This blog is for everyone who uses words.

The ordinary-sized words are for everyone, but the big ones are especially for children.



Wednesday, 19 June 2013

Nuts and Bolts: eggcorn.

Eggcorn is a term invented on a blog called Language Log in September 2003. Mark Liberman wrote an article about a woman who always called an acorn an eggcorn (which, although technically wrong, has a certain relevance and beauty about it) and Geoffrey Pullum suggested that eggcorn should be the term for this sort of wise mistake. 

An eggcorn is a bit like a pun, except that the speaker doesn't know he's making it. An eggcorn is also a bit like a malapropism, except that the result is interesting and wise.

I think we should embrace the eggcorn. I mean, I've never thought that language should be put on a pedastool, though I can't agree that there should be no holes barred, or that we should be able to give completely free range to our tongues. No, we do need to keep on the straight and arrow to a large extent, even though the nature of  communication is such that the lame man is bound to be affected by his ethnic routes, which have been travelled since we first acquired our posable thumbs, so that many changes are constantly being made and lots are now a fate accompli.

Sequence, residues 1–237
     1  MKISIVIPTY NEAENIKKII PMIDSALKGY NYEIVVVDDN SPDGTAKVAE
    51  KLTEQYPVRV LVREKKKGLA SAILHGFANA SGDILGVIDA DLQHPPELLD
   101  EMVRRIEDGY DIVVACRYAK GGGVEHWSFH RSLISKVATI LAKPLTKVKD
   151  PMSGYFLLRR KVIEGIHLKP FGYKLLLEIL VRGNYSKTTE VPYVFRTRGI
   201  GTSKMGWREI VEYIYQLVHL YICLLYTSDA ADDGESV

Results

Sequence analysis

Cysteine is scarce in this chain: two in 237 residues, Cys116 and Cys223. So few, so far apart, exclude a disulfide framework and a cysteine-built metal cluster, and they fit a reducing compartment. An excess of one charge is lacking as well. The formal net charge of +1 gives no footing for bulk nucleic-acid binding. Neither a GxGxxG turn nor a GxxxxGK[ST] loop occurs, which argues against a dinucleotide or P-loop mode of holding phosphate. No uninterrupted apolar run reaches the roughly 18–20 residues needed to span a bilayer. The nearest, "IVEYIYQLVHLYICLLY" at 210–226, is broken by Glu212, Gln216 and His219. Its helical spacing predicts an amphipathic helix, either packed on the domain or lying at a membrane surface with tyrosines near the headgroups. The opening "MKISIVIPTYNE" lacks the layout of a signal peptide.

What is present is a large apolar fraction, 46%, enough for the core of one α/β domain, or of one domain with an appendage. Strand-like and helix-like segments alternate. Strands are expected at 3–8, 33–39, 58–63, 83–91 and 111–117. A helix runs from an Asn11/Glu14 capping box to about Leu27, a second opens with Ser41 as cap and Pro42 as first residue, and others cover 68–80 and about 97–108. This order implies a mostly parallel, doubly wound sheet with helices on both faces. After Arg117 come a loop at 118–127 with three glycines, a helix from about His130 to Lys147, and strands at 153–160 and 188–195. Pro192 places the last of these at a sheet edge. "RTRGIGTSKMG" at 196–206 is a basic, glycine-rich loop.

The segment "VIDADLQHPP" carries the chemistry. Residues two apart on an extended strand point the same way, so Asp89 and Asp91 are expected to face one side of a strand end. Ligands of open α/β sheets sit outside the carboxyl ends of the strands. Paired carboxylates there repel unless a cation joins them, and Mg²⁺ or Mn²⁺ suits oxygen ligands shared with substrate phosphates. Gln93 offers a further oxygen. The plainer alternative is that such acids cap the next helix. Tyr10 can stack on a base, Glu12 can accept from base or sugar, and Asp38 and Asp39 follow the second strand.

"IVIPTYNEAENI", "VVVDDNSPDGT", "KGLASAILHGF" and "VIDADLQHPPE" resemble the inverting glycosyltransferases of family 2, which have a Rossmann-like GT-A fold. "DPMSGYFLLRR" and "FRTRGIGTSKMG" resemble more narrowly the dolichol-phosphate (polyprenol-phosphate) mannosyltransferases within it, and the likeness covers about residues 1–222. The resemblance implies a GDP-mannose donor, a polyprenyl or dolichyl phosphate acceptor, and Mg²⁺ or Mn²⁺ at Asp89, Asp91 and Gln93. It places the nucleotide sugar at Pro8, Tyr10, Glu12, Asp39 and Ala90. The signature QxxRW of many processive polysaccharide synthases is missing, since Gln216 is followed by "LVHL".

But what a joy it is, nevertheless, to imagine an ex-patriot watching a preying mantis as he pours his breakfast skimp milk.

Word To Use Today: eggcorn. This is a nice new word. Enjoy it!


4 comments:

  1. A friend of mine says: "No bars held".

    If I had the choice of being in a 'no holds barred' fight or a 'no bars held' fight, I would choose the one without bars. She doesn't seem it (at all), but my friend is obviously most wise.

    An eggcorn. I like it : o )

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    1. No bars held is brilliant, thank you!

      The only trouble with eggcorns is that the more you think about them the harder it is to be sure which is the 'right' version, rather in the way that Paddington now seems an extremely odd name for a railway station.

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  2. I must say this blog is so interesting. Really this is new word.

    dowel pins
    clevis pins

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  3. Thanks Anon. You're very welcome indeed!

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